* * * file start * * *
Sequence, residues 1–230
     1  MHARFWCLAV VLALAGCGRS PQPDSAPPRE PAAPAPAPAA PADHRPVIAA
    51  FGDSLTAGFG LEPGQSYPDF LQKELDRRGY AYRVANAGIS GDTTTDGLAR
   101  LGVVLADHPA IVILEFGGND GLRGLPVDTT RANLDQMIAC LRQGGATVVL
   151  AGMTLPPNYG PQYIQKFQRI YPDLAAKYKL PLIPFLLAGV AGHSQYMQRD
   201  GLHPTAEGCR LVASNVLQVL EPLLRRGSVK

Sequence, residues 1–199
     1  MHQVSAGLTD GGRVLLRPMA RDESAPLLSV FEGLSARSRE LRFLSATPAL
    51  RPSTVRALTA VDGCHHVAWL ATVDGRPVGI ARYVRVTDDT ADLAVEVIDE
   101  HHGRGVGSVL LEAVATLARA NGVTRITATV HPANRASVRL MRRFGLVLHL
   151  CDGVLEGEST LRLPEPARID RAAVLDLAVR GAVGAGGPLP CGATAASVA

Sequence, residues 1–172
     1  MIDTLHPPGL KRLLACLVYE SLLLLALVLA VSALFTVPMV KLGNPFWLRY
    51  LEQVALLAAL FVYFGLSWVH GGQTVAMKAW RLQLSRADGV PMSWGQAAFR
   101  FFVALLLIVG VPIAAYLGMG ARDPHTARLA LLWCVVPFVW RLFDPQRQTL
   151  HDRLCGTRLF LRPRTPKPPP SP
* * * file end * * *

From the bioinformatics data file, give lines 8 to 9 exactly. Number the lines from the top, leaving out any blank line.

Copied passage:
     1  MHQVSAGLTD GGRVLLRPMA RDESAPLLSV FEGLSARSRE LRFLSATPAL
    51  RPSTVRALTA VDGCHHVAWL ATVDGRPVGI ARYVRVTDDT ADLAVEVIDE